These Floors Are Made for Walking

And they are made from sustainable materials

Sustainability. The buzz word is only getting buzzier, and as we celebrate the Earth this month—Wednesday, April 22 is Earth Day—we expect to be hearing this word a lot more. So why sustainable? Well, we already know that embracing sustainable materials and practices in our daily lives can greatly reduce our carbon footprint, which is better for the environment overall. But aside from ditching plastic bottles and outfitting our roofs with solar panels, what can the average household do? One trick to hacking sustainability is working with eco-friendly materials when you update your home. Floors in particular are known for being harsh on the environment. Certain woods contribute poorly to emissions with how they are sourced while engineered floors may use materials that are hard to break down and are not good for the environment. Luckily sustainable flooring is trending, and we’ve got the deets on the best ways to work this earth-friendly trend into your home.


Cork is one of the most popular eco-friendly flooring materials on the market right now. It may not sound like a solid choice, but it’s surprisingly durable and versatile. Families that choose cork can use the flooring in any home space, including wet areas, plus it can be installed in a variety of paints and stains. The key here is to ensure that any added finish is also eco-friendly and free of harmful chemicals or extensive manufacturing process. Cork is sustainable because it’s sourced from cork trees and it can be harvested without cutting them down. Instead, the used cork grows back in approximately three years.


Bamboo isn’t quite as new on the market as cork, but it’s still a newer product for floors. Contrary to popular belief, bamboo is a type of grass, however, it acts more like a wood. Durable and heavy, because it is a natural substance, the product is eco-friendly. But why bamboo over wood? Well, most trees that supply hardwood used for floors can take 20 years or more to reach maturity, while bamboo takes only three to five years, making it more easily renewable.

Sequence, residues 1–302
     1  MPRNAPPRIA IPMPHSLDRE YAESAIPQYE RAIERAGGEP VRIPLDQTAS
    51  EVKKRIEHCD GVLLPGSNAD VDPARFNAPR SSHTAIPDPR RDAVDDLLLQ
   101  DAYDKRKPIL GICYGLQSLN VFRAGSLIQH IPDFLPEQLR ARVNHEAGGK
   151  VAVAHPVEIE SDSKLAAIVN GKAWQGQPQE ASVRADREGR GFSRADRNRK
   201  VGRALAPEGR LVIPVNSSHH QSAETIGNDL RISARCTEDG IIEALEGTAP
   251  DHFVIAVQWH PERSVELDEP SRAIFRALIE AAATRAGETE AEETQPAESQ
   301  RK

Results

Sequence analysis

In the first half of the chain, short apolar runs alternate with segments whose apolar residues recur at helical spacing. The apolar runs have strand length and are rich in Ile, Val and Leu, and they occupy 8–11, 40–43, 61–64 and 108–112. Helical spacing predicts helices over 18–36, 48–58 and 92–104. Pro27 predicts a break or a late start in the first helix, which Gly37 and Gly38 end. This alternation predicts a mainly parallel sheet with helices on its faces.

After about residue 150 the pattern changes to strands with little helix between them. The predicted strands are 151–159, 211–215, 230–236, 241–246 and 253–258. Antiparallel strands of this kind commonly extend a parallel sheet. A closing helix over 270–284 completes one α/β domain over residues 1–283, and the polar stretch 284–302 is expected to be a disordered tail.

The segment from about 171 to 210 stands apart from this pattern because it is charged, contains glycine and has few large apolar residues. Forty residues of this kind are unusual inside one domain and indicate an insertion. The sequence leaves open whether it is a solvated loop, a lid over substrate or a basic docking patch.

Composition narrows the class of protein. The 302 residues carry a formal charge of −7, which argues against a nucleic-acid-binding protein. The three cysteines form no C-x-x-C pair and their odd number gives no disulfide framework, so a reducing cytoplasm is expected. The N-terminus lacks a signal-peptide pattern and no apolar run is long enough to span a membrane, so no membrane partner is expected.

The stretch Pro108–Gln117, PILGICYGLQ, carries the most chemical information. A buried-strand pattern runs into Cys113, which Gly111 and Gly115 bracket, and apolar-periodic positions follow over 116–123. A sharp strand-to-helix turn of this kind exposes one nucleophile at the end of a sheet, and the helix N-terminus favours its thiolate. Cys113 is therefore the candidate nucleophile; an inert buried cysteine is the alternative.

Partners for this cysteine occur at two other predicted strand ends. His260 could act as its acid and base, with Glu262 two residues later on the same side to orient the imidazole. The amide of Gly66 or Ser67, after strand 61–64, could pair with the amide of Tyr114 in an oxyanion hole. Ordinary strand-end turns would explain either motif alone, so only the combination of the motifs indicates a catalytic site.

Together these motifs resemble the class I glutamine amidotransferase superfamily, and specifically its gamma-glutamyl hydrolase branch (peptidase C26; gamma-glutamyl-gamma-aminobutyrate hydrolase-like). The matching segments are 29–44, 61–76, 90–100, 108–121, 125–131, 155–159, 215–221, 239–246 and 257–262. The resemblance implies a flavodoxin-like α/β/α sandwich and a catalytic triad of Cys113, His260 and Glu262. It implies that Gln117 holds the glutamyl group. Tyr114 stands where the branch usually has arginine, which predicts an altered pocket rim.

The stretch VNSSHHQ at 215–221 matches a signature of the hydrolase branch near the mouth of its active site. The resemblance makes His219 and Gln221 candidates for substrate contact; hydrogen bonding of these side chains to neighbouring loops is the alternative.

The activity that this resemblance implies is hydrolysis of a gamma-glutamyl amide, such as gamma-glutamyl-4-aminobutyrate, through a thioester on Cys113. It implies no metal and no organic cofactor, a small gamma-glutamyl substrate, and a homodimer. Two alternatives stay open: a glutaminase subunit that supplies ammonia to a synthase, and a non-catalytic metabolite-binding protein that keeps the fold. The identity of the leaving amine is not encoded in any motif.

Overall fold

Glass Tile

This material is both recyclable and made from recyclables. Glass tiles come from recycled glass products that people throw out every day, so it’s easy to see how this pretty material could reduce the size of your carbon footprint. More often used as backsplash or design elements in tile showers and countertops, using glass tiles for flooring is a cool way to bring interest to a space, and have a design element in your home that your friends don’t. Use this material to maximize light or take advantage of some interesting colors and textures in the home.


You have to have the right type of home aesthetic to pull this one off, but there’s a reason concrete is so often used in large industrial spaces and commercial building. The material is already installed as subflooring in most homes, so by embracing the look of concrete, you’re eliminating an extra flooring material all together. Instead of plopping something over it, have the concrete polished and tinted to match your décor.


Carpet in general is not considered a great sustainable flooring option. In fact, most carpets are made using V.O.C.s (volatile organic compounds), which are not good for the environment. But if you want a soft, cozy place to walk and live with your family, embrace carpets made of wool or P.E.T. Berber (made of recycled plastic bottles). Both options are better for the environment and eliminate a lot of the harmful chemicals found in traditional carpet. Plus, these carpets will last longer, especially wool.

Harwood (reclaimed or FSC)

Hardwood floors are often bucked by sustainable flooring experts because of their negative impact on the environment. Not only are companies cutting down mature trees—that take a long time to grow—in order to source the material, but there are a lot of negative environmental impacts of deforestation. The idea behind embracing reclaimed hardwood is that the damage has already been done and there is no new negative impact when choosing this wood (as long as you’re being smart about any finish you put on it). Or, you can choose wood marked FSC, a stamp of approval given by the Forest Stewardship Council that indicates the wood was collected in conjunction with high social and environmental standards.

Natural Stone

Last but not least, natural stone. Natural stone, such as limestone, quartzite, and travertine, can give consumers durable stone without a lot of negative environmental impact. That’s because with these natural stones, manufacturing demands are low, only needed to cut stone down into useable slabs. Other types of tile are more likely to use chemicals, stains, glazes, and solvents that are harmful for the environment while natural stones do not.

Call the Experts:

Pinnell’s Flooring America

430 E Kettleman Ln, Lodi

(209) 642-4936


Better Flooring Outlet

3713 E. Hammer Ln., Stockton

(209) 951-9400


Shelton Lee Flooring Inc.

5170 Pentecost Dr., Modesto

(209) 491-0310

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